We had been driving on Za’atari’s main road, in north Jordan for a while and soon turned off at the designated junction that leads to our destination. Soon, we arrived at an area with much greenery that was set back from the main highway and came to a stop. As we stepped out of the vehicle, Abla received us warmly in front of the tent where she lives. While exchanging pleasantries, her husband also came to greet us then went back to continue watching over the livestock. We proceeded to hand over the cash to Abla and noticed that her daughter had been looking at us, probably wondering who these visitors were. She remained behind the small fence that served as a door to the tent.
I’m from Homs, Feruza Street in Syria. We saw the destruction of our home—it was completely shattered. We then decided to come to Jordan to save our lives and we have been doing well here. Thank God we did not face any problems when we arrived, no violence from Jordanians, nothing.
It was obvious that she saw life in Jordan as comfortable.
Abla and her husband have 7 children. Two of her daughters were born in Jordan and she is now pregnant. “I am pregnant again at 39 years old,” she said smiling, as she proudly touched her belly.
“I used to have a cow and calf in Syria and we were selling milk every day.” Livestock rearing was their main livelihood in Syria, where they kept goats and cows.
“It was not easy at the beginning when we arrived in Jordan,” Abla went on. She was apparently not comfortable dealing with money, explaining that the unfamiliar currency was confusing. To illustrate her point, she explained that she used to give 1 JOD to her kids to buy small snacks and found out later that the amount was worth more than she thought (with the same amount they could buy bread for the whole day).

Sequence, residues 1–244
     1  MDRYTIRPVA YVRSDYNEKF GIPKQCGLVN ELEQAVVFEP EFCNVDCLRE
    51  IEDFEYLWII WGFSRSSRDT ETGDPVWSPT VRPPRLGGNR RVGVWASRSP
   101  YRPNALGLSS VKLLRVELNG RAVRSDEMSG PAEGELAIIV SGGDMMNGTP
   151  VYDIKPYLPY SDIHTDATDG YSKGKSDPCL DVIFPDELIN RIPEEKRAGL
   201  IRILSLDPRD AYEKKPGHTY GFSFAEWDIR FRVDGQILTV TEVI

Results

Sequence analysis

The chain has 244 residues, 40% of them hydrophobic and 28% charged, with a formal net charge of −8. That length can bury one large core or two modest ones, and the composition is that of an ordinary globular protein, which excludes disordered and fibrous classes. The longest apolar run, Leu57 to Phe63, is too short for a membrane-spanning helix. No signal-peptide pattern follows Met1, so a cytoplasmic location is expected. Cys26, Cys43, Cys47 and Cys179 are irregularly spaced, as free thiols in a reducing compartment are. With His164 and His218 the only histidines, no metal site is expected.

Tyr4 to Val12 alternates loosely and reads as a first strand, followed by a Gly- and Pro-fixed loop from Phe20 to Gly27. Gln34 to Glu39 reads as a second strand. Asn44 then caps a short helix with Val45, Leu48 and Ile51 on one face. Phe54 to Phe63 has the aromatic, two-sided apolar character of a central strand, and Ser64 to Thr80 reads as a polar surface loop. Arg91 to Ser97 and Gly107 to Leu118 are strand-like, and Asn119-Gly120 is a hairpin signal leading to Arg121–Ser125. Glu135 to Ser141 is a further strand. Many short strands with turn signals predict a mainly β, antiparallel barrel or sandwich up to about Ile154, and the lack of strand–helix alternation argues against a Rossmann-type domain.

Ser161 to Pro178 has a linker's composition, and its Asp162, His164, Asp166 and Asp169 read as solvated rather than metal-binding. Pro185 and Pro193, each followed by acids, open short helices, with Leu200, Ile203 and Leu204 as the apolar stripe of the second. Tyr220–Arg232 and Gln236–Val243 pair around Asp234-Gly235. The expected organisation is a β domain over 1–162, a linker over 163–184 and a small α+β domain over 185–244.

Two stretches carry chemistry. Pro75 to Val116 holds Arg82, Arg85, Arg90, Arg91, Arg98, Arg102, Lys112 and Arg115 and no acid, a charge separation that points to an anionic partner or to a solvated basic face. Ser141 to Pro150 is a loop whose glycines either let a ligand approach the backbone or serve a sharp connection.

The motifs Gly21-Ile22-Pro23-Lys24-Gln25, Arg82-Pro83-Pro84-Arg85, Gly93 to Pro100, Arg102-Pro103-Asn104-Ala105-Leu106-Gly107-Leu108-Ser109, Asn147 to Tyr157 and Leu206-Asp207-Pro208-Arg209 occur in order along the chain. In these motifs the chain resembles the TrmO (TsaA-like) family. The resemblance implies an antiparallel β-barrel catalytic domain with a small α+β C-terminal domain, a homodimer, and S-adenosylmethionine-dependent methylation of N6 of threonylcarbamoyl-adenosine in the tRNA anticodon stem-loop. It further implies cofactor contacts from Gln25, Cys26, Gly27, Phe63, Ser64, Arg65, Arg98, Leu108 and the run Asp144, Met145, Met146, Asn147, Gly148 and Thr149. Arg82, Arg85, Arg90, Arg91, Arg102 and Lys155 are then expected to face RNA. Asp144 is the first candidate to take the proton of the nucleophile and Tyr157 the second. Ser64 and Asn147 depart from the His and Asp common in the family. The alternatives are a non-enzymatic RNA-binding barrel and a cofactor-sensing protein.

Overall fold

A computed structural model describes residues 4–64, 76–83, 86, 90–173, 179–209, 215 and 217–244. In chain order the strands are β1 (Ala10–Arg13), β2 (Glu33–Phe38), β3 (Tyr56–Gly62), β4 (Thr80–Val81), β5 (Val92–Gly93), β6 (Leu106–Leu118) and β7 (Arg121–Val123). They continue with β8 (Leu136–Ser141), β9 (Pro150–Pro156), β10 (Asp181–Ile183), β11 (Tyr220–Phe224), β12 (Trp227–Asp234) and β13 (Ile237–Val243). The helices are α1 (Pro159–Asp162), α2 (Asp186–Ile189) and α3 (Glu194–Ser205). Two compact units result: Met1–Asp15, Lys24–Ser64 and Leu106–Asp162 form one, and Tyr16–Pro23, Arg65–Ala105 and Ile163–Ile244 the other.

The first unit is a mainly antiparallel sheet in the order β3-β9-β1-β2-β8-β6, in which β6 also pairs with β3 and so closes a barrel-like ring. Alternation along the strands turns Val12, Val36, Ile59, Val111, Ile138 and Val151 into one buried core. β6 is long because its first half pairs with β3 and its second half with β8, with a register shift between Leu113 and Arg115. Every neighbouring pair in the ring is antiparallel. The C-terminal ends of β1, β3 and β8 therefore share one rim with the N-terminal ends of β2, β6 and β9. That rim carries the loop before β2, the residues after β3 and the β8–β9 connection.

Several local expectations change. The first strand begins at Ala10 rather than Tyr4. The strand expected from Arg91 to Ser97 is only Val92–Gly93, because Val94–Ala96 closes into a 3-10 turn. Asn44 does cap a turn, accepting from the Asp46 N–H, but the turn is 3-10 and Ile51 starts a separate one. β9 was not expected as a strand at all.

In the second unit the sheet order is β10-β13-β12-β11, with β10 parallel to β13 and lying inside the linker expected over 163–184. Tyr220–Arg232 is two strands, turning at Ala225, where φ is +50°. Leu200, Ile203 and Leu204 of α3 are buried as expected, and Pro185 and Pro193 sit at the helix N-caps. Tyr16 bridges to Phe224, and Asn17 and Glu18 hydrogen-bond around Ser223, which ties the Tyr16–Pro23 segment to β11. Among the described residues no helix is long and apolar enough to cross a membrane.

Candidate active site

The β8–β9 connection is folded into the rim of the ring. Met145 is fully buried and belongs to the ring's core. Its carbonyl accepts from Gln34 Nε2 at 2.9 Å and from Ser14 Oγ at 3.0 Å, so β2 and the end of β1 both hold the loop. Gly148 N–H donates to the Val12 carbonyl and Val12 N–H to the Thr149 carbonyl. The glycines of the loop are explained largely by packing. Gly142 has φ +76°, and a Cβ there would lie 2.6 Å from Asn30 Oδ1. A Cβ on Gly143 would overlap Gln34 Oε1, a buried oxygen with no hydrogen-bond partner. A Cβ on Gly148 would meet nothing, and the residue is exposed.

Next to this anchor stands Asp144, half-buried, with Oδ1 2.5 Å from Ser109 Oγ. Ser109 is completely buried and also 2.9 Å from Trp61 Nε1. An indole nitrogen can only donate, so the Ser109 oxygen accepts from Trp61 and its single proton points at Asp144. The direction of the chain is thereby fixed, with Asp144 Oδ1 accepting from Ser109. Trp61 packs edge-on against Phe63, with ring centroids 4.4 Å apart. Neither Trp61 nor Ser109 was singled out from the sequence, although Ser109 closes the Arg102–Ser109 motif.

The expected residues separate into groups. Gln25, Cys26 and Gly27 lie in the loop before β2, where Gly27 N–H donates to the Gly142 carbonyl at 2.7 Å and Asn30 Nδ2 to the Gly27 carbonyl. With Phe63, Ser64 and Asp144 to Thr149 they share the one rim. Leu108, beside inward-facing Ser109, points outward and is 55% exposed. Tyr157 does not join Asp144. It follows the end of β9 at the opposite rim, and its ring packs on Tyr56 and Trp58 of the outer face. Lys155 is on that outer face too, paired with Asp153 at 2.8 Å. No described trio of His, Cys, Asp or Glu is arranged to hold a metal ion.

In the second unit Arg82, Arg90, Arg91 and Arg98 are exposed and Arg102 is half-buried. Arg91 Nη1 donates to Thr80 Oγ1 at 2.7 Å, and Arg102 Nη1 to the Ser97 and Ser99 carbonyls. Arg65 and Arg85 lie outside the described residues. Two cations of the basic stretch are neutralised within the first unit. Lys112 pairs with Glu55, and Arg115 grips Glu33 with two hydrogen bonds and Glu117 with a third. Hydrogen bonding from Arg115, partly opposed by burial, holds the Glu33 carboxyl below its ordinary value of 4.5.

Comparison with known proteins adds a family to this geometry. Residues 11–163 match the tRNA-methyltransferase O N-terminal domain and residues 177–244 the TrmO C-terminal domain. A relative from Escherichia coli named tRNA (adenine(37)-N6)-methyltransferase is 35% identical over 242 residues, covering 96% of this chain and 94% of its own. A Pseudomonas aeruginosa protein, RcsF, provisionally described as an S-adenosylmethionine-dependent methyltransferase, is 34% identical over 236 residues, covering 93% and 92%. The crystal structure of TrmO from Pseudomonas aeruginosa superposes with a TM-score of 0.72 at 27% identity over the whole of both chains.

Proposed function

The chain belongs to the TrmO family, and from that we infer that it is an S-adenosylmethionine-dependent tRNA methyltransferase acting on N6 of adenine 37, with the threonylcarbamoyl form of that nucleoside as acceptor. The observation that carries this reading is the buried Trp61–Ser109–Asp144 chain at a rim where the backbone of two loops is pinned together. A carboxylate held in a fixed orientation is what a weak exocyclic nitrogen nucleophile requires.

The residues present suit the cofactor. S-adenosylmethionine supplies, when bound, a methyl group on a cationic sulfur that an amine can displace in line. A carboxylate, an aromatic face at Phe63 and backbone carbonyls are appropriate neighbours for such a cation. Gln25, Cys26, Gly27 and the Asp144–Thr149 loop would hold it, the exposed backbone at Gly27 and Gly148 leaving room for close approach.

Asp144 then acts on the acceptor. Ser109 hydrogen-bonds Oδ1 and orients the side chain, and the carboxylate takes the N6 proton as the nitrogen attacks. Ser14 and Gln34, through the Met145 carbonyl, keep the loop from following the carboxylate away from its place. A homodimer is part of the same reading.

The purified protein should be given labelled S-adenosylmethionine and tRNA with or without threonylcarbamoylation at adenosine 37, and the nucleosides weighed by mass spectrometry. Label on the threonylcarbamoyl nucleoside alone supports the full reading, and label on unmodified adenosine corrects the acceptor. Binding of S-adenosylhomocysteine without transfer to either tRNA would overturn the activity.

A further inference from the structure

“When we arrived in Jordan, we were struggling with the cost of living but now the situation is better, better than in Syria. I hear that prices are very high in Syria and are worse than here.” She has a sister and a brother back there. From what she heard, people are finding it difficult to cope. “Compared to Syria, it’s better here. I still hope to see them, but I don’t know how because I have small kids and they are used to live in Jordan. I hope that they can come to visit me, or I can go to visit them.”
Our conversation with Abla continued, despite the appearance of two of her children who emerged from the tent, half asleep. “With the curfew, I stay at home and we go to buy what we need when we are allowed to. Anyway, you see, we are far from the others, thank God everything is fine, and the kids are sleeping inside the tent.”
“I used to have 2 goats. Then we bought 9 more, all of them gave birth so now we have 22,” she said with pride. She and her husband are planning to sell the male offspring soon.
“Since the COVID restrictions were introduced, I have not been able to sell my goat’s milk to the usual buyer. I have tried selling to my neighbors, but they only buy in small quantities.” The family needed to use the small savings they had for household essentials over the past weeks rather than using money from the sale of the milk. “This emergency cash the ICRC has brought for me has come at the right time, thank you!”
“We have chicken also, so we eat fresh eggs every day as well, thank God we are good,” she says.
We inched closer to the livestock and as we did so, her husband starts a conversation. “You know, it’s not easy to breed goats as they need a lot of patience. I am spending most of the day, especially early morning and afternoon, with the animal for grazing. Our sons, they can’t take care of the animals. This generation is different from ours, they don’t have the same patience as us and they don’t take care of the goats like us, their hearts are not in this way of generating an income.”
The ICRC began a cash transfer program (CTP) in 2013 for extremely vulnerable Syrian refugee families living in host communities. This allows them to meet some of their essential needs through monthly cash disbursement. The service was also extended to beneficiaries of the ICRC’s Micro Economic Initiative (MEI) like Abla because the introduction of Covid-19 restrictions limited their ability to generate income. Currently, there are 720 refugee families in Jordan enrolled in the CTP.
Source : Icrc